One-third of the output will be gasoline. The refinery will have the capacity to process 300,000 barrels of oil a day.


Marathon Oil Corp. is constructing an expansion to its largest refinery, in Garyville, La., that will increase its diesel production.
For refiners, the economics alone are persuasive. A barrel of diesel is fetching almost $28 more than a barrel of oil, according to Muse, Stancil & Co., a consulting firm specializing in the energy industry. The difference between a barrel of gasoline and a barrel of oil is $2.14.
For U.S. consumers, higher diesel prices mean higher costs for goods as retailers pass on some of the increase in transportation costs.

http://online.wsj.com/article/SB120527903284528663.html?mod=fpa_whatsnews



Write to Ana Campoy at ana.campoy@dowjones.com

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  #2  
Old 03-12-2008, 08:18 PM
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Since most shipping is by truck and most trucks are diesel, I don't see diesel ever not being in demand.
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  #3  
Old 03-12-2008, 08:53 PM
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Diesel demand is probably pretty non elastic. Everything is shipped by a diesel powered something or other, so unless people ship less, which could happen in a recession, demand shouldn't drop.
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Old 03-12-2008, 09:04 PM
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Looks like it is about time for some downsizing of trucks - the big ones. The ones that, just like pickups and SUV's, have gotten bigger and more bloated in the last 10-15 years.

What is it, that makes it necessary to have trucks as big as they are, here in the U.S.?
Other counties haul stuff via truck...roads pretty much the same like ours....some mountains, hills, turns and things....nothing unusual. So why do our hardworking truck drivers have to drive these fuel sucking behemoths?
Doesn't Kenworth realize they are stealing money from the wallets of truckers, by making such oversized trucks?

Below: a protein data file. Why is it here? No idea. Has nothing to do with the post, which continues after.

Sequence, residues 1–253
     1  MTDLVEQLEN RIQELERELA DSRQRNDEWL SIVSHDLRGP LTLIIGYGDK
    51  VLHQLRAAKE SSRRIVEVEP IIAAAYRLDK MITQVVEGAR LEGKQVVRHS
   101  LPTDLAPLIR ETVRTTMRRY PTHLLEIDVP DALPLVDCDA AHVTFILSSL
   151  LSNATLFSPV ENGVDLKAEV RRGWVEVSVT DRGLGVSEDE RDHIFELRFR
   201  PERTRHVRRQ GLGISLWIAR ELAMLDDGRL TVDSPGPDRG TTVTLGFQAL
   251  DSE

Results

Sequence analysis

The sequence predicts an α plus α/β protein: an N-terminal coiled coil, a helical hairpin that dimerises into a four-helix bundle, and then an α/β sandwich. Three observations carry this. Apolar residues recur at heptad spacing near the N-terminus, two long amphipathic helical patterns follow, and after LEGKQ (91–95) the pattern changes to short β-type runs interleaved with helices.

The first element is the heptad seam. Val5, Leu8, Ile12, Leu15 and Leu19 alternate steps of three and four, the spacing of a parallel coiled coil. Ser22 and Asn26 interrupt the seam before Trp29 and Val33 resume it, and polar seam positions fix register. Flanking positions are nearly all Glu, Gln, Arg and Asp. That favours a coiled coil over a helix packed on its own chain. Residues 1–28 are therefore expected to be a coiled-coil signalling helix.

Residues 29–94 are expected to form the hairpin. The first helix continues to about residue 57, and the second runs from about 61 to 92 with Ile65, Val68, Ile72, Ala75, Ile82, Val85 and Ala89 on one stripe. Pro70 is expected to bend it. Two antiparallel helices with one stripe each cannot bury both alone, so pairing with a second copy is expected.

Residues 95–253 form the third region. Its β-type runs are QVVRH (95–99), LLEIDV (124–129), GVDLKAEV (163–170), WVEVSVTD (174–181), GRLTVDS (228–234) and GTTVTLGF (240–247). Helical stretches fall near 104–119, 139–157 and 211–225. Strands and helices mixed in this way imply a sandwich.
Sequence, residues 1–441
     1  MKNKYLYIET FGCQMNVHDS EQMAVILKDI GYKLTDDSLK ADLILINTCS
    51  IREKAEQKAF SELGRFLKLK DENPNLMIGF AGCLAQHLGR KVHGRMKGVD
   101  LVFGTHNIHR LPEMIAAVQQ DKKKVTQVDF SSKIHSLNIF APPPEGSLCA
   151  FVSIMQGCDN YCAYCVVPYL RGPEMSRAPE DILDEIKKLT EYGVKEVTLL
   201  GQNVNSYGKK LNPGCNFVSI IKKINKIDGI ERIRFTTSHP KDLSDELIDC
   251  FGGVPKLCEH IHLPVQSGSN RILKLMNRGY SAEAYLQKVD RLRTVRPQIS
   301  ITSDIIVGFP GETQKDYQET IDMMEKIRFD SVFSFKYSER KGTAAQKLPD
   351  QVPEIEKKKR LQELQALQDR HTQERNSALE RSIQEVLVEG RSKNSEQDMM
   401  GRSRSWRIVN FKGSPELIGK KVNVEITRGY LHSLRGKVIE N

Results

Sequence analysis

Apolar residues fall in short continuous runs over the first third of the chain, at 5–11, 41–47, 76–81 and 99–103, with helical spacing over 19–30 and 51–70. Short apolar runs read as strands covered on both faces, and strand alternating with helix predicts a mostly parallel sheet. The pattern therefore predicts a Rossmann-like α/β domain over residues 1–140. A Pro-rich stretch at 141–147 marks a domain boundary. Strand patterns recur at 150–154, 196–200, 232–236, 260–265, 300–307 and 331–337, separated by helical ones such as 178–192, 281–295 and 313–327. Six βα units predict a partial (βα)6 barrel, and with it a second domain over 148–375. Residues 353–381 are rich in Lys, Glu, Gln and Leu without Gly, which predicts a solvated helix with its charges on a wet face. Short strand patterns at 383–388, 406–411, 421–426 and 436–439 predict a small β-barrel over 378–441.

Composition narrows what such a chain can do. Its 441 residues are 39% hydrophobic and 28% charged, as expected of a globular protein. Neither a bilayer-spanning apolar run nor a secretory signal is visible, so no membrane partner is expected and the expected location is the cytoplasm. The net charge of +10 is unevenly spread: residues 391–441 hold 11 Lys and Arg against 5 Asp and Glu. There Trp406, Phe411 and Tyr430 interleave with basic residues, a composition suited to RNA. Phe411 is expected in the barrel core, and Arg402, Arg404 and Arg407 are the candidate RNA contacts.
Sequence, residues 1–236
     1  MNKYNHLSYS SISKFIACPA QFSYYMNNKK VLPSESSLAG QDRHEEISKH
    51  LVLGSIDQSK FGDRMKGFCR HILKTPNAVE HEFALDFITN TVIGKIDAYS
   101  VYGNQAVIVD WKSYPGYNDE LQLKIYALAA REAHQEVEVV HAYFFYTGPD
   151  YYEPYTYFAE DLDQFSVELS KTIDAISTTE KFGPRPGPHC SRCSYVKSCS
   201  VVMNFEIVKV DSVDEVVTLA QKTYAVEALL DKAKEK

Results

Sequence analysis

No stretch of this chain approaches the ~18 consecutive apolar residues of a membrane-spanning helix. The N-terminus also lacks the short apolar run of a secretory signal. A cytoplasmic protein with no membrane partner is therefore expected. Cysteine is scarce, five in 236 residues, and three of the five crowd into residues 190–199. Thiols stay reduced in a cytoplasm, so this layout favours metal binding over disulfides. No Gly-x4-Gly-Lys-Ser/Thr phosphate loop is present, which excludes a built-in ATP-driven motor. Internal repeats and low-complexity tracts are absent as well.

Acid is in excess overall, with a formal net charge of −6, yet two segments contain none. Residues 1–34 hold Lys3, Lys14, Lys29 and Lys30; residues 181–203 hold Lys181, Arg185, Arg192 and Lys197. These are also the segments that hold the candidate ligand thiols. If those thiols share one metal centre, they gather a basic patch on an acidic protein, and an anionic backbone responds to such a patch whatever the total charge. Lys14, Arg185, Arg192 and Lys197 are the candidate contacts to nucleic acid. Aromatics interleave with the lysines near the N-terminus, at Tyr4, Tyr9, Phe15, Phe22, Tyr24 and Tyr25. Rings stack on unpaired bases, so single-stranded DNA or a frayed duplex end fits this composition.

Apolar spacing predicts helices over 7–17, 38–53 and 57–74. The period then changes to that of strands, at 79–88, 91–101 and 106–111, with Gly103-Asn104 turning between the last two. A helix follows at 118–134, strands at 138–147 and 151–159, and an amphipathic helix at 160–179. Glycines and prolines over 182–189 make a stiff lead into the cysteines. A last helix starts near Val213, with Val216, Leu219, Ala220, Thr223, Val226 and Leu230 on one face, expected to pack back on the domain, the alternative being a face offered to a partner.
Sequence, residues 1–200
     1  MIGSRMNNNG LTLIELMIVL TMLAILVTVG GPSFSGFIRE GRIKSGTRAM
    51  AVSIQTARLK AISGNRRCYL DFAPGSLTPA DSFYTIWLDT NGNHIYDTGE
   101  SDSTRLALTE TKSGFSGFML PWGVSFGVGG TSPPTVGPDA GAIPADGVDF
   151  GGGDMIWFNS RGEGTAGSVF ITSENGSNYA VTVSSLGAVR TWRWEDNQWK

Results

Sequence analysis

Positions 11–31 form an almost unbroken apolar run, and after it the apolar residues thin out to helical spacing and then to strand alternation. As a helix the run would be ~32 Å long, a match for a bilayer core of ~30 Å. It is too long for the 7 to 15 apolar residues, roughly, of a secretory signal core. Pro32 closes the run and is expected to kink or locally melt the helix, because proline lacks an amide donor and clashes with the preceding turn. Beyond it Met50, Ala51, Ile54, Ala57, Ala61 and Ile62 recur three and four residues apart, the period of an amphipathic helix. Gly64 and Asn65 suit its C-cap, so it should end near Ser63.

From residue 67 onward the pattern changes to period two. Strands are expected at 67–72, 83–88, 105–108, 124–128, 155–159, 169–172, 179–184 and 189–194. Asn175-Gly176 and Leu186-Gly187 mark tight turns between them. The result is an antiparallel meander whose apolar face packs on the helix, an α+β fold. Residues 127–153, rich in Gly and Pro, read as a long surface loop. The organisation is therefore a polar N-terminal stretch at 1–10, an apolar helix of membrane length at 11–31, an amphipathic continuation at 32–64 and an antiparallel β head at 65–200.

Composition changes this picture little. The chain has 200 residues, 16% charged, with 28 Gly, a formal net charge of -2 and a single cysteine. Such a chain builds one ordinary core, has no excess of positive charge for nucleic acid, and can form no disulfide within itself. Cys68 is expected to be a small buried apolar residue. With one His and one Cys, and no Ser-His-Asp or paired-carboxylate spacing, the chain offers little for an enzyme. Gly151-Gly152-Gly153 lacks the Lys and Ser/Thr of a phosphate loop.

Then again...they can't be blamed....they're capitalists, and they heard that there's a sucker born every minute.

trucky - tell me.....Why are your trucks so damned large? Won't 375HP pull a load along the road just as well as 665HP? yeah...your 0-60 times won't be as impressive, but I really don't give a crap about that.
So tell me, trucky.....why aren't you pounding your fists at the truck dealers desk, and asking him why he can't make smaller more fuel efficient trucks?

(Yes, I can see the need for a small percentage of trucks needing to be larger than average...cross country rigs with a bedroom...fine/ But you don't need 14liters and 515HP for most trips)
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  #5  
Old 03-12-2008, 10:04 PM
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I don't have facts and figures but I bet that the larger trucks that we have here in the US are more fuel effecient per mile ton than the smaller trucks in Europe.

Over there they have narrower streets, sharper turns and narrower roads, so the trucks have to be built differently to get around.

Tomorrow I am going to Ohio to pick up my Airstream from the factory where it had a semi major repair done. I will be taking secondary roads and driving 60 to 65. A year or so ago I would have taken the interstate and driven 30 extra miles so I could save a couple of hours.

Tom W
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  #6  
Old 03-12-2008, 11:37 PM
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Quote:
Won't 375HP pull a load along the road just as well as 665HP?